How Prime Rates Can Affect Your Mortgage
Owning a home has become one of the best ways to build wealth over time. However, even with the benefits of homeownership, it can still be difficult to get a mortgage. One of the biggest factors that can limit your mortgage options is the Canada Prime Rate.
In this article, we go over how the prime rate can affect your mortgage, how they may affect your monthly payments and the possible solutions.
What is a Prime Rate in relation to mortgages?
According to Financial Post, a prime rate is a fluctuating number used to set interest rates on several different types of loans like variable rate mortgages. As the prime rate fluctuates (up & down), so will your interest rate.
If you have a variable rate mortgage with an interest rate of 3.25%, for instance, and the prime rate goes up, your interest rate will also rise by a certain percentage. As a result, a greater portion of your monthly payments will go toward interest on your loan, rather than reducing the principal. This means that even if your monthly payments remain constant, you will be paying more in interest charges, which can add up over time and increase the overall cost of your loan.
How Does the Prime Rate Affect Mortgages?
Different mortgage types interact differently with the prime rate. For instance, a fixed-rate mortgage won't be affected as the interest rate is “Fixed” at a pre-determined rate. On the other hand, a variable-rate mortgage will have an interest rate that is tied to the prime interest rate and vice versa. When the prime rate goes up, so does your mortgage interest rate. When it comes down, so does your mortgage interest rate.
It is important to understand your type of mortgage so you can anticipate what will happen to your mortgage payment. For example, if you have a variable rate mortgage where the prime interest rate has increased & in turn, so has your variable interest rate, and you haven't been increasing the size of your mortgage payments, the amortization period of your loan will be increasing as well as the amount of interest you will be paying over time. This means that your loan is growing as well as the amount of interest you will be paying on it.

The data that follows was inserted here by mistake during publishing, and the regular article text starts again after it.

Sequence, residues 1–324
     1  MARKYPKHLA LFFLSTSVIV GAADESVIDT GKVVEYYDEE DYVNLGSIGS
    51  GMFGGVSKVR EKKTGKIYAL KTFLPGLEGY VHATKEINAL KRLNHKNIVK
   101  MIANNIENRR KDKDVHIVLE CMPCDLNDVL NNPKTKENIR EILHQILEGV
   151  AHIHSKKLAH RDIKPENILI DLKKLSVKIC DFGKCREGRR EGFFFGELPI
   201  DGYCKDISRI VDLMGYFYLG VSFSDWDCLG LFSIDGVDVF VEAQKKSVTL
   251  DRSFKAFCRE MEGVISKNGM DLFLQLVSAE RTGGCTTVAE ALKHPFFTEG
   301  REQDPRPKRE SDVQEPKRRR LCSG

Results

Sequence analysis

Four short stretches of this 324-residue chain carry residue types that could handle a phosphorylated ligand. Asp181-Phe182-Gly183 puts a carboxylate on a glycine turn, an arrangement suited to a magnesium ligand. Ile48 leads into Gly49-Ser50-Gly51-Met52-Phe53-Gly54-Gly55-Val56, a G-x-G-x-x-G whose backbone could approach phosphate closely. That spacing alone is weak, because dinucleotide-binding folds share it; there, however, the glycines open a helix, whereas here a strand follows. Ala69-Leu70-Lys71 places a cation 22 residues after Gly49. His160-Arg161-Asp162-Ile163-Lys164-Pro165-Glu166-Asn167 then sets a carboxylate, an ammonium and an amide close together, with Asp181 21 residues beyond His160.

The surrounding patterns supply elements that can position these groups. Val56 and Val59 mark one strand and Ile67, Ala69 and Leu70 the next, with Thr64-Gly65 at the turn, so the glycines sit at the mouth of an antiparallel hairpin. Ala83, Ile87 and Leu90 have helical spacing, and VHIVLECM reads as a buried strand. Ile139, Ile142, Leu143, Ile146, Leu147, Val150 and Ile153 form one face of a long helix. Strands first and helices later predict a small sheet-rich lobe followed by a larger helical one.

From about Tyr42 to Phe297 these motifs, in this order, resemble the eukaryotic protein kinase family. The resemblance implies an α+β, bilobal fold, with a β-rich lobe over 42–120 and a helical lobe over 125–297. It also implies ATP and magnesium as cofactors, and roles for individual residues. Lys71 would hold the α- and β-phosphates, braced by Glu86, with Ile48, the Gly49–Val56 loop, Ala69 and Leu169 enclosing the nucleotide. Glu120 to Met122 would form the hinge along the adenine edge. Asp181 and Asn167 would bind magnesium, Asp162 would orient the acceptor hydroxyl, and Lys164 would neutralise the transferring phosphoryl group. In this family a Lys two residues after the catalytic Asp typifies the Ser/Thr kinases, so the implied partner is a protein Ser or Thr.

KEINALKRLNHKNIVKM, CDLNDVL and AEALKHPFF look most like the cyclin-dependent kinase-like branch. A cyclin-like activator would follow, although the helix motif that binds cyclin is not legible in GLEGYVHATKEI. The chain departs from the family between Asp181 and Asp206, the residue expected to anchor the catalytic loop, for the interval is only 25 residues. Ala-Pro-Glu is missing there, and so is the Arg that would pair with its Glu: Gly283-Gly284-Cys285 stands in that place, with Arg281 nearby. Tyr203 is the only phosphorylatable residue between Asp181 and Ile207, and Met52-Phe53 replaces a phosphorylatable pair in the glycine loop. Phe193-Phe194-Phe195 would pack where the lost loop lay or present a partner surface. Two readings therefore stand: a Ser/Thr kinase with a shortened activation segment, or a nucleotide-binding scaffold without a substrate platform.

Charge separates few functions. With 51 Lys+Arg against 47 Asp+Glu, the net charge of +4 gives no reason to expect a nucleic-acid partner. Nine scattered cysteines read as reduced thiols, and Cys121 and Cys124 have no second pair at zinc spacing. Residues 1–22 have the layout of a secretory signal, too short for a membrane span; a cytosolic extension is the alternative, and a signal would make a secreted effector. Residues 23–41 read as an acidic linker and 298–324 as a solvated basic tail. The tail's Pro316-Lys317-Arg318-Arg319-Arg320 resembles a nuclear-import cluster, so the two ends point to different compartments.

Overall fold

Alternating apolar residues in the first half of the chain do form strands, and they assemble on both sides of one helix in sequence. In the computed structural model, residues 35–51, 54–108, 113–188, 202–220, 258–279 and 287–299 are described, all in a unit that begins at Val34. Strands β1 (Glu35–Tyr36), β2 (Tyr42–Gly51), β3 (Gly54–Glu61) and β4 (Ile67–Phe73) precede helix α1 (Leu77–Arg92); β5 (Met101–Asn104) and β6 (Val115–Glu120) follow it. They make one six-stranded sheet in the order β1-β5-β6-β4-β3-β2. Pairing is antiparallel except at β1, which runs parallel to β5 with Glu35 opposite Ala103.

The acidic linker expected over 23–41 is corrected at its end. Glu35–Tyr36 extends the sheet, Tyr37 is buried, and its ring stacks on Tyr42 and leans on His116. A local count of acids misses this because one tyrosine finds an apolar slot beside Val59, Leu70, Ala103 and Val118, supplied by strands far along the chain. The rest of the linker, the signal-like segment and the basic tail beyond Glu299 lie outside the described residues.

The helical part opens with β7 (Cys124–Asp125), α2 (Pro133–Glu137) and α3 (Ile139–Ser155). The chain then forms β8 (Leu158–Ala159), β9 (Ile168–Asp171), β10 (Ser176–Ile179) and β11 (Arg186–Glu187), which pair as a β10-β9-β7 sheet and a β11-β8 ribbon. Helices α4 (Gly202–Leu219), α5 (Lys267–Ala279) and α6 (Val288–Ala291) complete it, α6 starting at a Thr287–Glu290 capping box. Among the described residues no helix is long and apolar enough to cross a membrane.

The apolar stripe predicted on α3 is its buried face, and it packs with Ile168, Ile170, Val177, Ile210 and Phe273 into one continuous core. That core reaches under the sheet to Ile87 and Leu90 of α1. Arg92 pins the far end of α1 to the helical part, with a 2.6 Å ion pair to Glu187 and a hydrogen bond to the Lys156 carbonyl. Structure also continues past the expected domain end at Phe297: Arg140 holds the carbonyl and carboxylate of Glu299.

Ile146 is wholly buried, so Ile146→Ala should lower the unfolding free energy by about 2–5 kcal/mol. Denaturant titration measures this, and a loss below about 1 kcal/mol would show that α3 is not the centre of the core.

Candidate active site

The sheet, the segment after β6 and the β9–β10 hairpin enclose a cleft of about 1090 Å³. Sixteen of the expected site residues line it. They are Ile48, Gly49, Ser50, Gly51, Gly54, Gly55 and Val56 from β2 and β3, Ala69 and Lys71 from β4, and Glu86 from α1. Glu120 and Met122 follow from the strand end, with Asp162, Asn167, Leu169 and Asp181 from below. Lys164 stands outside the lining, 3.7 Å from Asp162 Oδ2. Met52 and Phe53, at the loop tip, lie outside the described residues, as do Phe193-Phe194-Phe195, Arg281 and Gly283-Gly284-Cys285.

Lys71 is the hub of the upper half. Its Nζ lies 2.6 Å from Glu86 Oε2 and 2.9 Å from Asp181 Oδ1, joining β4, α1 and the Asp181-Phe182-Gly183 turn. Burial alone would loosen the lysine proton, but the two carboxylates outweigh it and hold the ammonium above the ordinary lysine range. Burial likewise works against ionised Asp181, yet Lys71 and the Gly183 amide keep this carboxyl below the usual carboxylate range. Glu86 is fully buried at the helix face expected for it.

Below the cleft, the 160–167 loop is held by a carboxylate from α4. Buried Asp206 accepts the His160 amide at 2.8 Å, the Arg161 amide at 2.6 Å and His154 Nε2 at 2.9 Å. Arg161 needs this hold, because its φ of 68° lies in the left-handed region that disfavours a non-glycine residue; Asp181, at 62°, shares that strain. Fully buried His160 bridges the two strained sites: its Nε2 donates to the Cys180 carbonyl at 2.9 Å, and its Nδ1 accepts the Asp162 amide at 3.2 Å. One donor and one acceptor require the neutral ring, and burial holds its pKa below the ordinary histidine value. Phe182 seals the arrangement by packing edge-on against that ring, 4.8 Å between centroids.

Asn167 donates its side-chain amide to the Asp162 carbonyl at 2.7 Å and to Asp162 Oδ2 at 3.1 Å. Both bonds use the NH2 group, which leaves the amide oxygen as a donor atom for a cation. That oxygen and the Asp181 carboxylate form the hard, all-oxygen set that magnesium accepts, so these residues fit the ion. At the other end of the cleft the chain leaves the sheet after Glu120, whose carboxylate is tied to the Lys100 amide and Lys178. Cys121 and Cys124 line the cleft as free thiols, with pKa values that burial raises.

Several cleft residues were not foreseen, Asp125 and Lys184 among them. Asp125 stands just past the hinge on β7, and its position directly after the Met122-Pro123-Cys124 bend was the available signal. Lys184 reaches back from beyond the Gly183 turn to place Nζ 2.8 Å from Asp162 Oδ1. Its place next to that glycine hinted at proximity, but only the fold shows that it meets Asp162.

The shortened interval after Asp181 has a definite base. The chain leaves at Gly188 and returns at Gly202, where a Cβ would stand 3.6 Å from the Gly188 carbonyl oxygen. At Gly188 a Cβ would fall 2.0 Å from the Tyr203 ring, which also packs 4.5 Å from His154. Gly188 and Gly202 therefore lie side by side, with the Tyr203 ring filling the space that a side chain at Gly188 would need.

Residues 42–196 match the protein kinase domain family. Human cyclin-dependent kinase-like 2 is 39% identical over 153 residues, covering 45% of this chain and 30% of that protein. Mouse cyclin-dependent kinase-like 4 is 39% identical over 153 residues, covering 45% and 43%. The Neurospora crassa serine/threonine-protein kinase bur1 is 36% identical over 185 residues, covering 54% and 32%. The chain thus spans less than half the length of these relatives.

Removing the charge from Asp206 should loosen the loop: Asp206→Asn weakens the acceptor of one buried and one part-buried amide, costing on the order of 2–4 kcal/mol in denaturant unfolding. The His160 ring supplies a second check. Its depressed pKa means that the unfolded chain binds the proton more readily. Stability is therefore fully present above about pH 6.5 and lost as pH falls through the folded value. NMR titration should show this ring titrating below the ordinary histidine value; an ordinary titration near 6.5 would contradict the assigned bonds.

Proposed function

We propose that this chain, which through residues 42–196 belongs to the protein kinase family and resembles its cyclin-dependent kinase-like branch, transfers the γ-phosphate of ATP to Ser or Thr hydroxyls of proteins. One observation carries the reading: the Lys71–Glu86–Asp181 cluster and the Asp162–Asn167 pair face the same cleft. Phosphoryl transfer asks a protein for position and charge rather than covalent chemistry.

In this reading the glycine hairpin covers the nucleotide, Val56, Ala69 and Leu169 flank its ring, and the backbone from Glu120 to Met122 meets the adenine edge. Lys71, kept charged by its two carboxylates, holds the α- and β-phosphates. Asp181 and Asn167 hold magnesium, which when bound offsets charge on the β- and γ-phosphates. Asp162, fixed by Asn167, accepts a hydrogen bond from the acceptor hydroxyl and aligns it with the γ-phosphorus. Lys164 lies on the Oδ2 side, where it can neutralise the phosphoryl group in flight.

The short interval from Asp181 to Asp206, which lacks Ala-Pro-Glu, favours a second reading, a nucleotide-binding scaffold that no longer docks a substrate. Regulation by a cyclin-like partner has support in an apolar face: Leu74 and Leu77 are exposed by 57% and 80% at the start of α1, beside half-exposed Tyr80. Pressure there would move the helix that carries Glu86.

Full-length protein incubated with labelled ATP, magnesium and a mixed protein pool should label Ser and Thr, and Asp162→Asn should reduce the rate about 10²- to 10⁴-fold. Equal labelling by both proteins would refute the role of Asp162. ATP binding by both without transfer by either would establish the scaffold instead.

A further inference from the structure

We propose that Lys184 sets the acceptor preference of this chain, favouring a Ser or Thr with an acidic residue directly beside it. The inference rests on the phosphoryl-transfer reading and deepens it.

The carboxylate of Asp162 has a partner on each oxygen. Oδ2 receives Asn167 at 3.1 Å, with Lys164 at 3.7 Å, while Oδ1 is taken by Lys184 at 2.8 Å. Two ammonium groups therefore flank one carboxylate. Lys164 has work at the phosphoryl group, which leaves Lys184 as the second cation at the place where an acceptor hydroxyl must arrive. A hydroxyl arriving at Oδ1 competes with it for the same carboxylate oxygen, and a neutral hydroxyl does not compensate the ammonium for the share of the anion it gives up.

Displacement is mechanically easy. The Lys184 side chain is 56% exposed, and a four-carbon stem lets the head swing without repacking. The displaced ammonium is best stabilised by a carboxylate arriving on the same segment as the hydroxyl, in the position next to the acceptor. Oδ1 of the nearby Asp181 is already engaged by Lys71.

The term "Trigger Rate" comes into play in an increasing-rate environment, where the interest rate for variable-payment mortgages rises without any corresponding hike in monthly mortgage payments. This can result in a higher percentage of the payment going towards interest rather than principal. The Trigger Rate is a threshold point at which the borrower's mortgage payment increases to cover the additional interest charges, causing a significant change in the borrower's monthly payment amount. Essentially, the Trigger Rate is the point at which the borrower's mortgage payment is "triggered" to increase due to an increase in the interest rate.
Here are some steps to minimize the impact of changes in the prime rate on your mortgage payment:
- Put extra money on your mortgage. If you have extra money, consider putting it towards your mortgage. This will reduce the amount of interest you pay and help you pay off your loan faster.
- Consider refinancing to a fixed rate. If you are concerned about rising rates, consider refinancing into a fixed-rate loan if rates start to climb again.
- Reach out to a mortgage specialist and talk restructuring. This could involve modifying the loan terms to reduce the interest rate or extending the loan term to lower the monthly payment amount.
- Speak with The Mortgage Center about adjusting your payment amount to accommodate the increasing interest rates that are causing the rise in loan amortization.
- Talk to a financial advisor or mortgage counselor to help assess your financial situation and provide guidance on potential solutions.
As of September 2022, the Canada Prime Rate was at 5.45%. This could bring a lot of confusion to new homeowners and homebuyers, who may be wondering what this means for their mortgage. The good news is that the Canada Prime Rate is not an interest rate, but rather a benchmark that lenders use to set their own rates.
That's why it's important to consult a mortgage specialist who can help you find the best option for your situation and answer any questions you have in regard to Canada Prime Rates and mortgages.
Contact Bonnie today to learn more about the Canada Prime Rate and how it can impact your mortgage, and get the guidance you need to make the best choice for your situation.